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Uber, Intel, and other tech firms will urge Congress to let “Dreamers” stay

Enlarge/ Protesters shout slogans against US President Donal..

Enlarge/ Protesters shout slogans against US President Donald Trump during a demonstration in support of the Deferred Action for Childhood Arrivals (DACA), also known as the Dream Act, near the Trump Tower in New York on October 5, 2017.JEWEL SAMAD/AFP/Getty Images

A slew of major companies—including tech giants Uber, Intel, Facebook, and Google—are forming a bloc to seek Congressional immigration reform.

According to Reuters, which first reported the news late Thursday evening, the companies will band together under the name "Coalition for the American Dream" and seek support to extend Deferred Action for Childhood Arrivals (DACA).

This Obama-era executive action allowed "Dreamers," undocumented immigrants who arrived as minors, to register with the government and legally study or work without fear of deportation. The newly organized Coalition appears to be unrelated to an Oklahoma-based group founded in 2006 that shares the same name: Coalition for the American Dream. (The Oklahoma group also "advocate[s] for and protect[s] the rights of disenfranchised immigrants and new Americans from all nations.")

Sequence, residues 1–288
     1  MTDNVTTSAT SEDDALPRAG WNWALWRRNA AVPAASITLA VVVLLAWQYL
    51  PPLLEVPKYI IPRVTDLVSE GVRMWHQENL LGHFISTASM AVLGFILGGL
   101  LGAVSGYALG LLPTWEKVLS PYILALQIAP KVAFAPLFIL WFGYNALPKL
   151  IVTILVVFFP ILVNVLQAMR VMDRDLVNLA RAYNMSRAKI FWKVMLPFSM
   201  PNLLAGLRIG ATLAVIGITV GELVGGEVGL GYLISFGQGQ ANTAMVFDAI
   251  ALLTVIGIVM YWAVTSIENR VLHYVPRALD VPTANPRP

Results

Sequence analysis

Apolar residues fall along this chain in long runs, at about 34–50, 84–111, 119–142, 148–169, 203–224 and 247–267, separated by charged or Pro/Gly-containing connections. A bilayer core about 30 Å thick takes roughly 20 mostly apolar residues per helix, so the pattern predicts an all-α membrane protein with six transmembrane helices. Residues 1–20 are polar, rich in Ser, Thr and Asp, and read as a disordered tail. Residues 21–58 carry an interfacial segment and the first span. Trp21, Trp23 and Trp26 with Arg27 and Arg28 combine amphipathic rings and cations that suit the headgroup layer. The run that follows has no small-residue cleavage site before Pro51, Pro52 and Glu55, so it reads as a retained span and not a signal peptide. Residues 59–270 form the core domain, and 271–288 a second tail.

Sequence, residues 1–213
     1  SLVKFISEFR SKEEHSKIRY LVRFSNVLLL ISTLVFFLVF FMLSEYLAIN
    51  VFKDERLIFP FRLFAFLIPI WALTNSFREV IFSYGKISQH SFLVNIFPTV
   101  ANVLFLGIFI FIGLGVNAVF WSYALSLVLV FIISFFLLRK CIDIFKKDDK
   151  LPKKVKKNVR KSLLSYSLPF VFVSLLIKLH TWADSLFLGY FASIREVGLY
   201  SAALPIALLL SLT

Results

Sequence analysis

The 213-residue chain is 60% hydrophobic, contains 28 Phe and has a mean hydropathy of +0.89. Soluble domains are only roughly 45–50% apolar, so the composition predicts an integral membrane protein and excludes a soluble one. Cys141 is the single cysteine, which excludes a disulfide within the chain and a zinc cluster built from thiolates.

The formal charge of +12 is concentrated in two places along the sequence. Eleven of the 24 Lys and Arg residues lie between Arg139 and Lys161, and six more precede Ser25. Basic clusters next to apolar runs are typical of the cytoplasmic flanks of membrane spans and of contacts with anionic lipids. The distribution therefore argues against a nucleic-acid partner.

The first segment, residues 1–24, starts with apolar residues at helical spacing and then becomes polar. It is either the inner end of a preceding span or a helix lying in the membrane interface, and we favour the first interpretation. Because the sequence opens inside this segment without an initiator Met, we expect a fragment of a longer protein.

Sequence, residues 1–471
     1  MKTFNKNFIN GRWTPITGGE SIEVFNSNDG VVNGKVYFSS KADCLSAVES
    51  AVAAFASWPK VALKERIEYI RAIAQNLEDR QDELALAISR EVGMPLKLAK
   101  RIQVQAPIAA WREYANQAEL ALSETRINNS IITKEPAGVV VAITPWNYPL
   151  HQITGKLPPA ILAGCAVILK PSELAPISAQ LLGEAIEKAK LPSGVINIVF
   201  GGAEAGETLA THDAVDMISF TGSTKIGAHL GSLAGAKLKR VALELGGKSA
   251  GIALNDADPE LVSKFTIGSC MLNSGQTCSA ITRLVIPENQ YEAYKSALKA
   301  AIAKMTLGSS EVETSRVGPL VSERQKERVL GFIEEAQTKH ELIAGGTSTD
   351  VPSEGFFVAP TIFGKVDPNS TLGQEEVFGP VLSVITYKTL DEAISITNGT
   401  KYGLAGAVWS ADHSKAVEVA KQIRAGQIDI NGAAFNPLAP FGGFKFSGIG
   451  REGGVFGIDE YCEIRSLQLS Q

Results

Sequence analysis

President Donald Trump let the program, which affects 900,000 immigrants, expire in March 2017.

"Uber joined the Coalition for the American Dream because we stand with the Dreamers," Matthew Wing, an Uber spokesman, e-mailed Ars in a statement. "We've also held town halls, provided legal support, and launched an online Dreamer Resource Center for any of our drivers who have been impacted by the DACA repeal as well as their friends and family. We plan to support Dreamers as long as they need help."

Wing noted that the company has held "in-person town halls" in various cities, including Los Angeles, Houston, and New York, in addition to providing bilingual legal assistance.

It's not clear exactly how many DACA recipients are employed by tech companies. In the case of Uber, the company does not require them to provide proof of work eligibility.

Since Trump’s inauguration, many major tech companies have been increasingly vocal in opposing government policies that they disagree with, notably on immigration.

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